The perverse incentives that stand as a roadblock to scientific reform

The perverse incentives that stand as a roadblock to scientific reform

Four pillars of perverse incentives stand strong against efforts to make our science more transparent and reproducible. Arguments against these changes, by their nature conservative arguments to keep the status quo, only help to perpetuate a system that has rewarded individuals and individual careers, but has undermined the integrity and reliability of our science. Reporting only statistically significant findings results in a literature that does not represent the truth. Pushing small N, conceptual replications aids and abets the hiding of inelegant findings that don’t conform perfectly to the theories we test. Overvaluing counter-intuitive findings undermines the development of cumulative knowledge that might be relied on for social policy. Policing studies so that they only report “clean findings” and thus have a clean narrative further incentivizes a depiction of science that is too good to be true. / more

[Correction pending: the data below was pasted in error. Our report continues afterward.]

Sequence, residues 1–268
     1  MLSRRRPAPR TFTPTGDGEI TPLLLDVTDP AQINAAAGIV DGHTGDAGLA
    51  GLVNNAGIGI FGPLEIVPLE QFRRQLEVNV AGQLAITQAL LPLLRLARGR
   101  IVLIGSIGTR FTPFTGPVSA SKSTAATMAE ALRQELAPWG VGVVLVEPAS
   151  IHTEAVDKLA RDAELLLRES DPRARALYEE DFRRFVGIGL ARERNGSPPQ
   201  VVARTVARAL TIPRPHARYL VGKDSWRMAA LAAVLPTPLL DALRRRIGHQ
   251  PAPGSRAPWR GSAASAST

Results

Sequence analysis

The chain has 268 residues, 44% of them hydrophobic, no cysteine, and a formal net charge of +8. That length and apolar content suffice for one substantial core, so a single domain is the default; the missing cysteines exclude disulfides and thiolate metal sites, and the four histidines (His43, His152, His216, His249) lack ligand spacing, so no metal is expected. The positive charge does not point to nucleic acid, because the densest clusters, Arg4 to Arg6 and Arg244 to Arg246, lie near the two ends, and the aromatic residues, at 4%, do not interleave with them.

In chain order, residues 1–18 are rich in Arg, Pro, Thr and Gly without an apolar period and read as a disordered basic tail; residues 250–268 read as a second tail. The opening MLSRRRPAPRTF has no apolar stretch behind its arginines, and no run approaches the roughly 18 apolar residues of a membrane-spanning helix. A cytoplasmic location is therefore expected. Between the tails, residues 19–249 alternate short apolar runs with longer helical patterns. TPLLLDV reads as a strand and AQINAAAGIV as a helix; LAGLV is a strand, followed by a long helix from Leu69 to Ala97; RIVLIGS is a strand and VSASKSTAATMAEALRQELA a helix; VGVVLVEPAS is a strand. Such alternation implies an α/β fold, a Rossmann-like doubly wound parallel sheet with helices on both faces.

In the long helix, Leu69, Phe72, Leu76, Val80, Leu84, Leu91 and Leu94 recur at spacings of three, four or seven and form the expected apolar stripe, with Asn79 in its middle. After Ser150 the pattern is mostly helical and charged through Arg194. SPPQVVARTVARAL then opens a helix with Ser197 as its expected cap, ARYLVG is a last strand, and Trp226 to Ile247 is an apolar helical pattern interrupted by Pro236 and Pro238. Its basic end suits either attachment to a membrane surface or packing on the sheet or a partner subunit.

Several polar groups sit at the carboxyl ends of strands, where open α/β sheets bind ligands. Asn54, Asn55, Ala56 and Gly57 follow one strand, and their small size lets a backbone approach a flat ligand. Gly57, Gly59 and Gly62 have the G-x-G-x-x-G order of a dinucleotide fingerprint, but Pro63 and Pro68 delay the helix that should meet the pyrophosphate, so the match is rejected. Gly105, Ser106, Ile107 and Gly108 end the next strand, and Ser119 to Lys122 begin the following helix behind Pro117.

Girls will be girls, boys will be bossy

Girls will be girls, boys will be bossy

The word bossy has been heavily discussed recently, thanks, at least in part, to the Ban Bossy campaign. To date, this debate has centered on why women get called bossy. But what about men? In this blog post, I will share some new research on the word bossy, and what happens when both men and women act bossy, specifically within a workplace context. / more

Einstein beats Mother Theresa as the hero of the world

Einstein beats Mother Theresa as the hero of the world

Heroes and villains don’t only exist in comic books. The real world is full of ‘good’ and ‘bad’ guys (and girls). Being an exceptional scientist or humanitarian will most likely land you on the heroic side of history. Obviously, dictators who have oppressed millions of people are more likely to be seen as the villains of world history. For a number of influential figures, our perception of their achievements however strongly depends on how our particular cultural region was affected. For example, even though the abolition of slavery by Abraham Lincoln makes him a historical hero in American eyes, people from other countries might value Mandela’s struggle against apartheid, or even Princess Diana much more. And what about more controversial figures such as Che Guevara and Napoleon? In this blog, I will review a brand new study in which it was tested who the heroes and villains of our shared, global history are. / more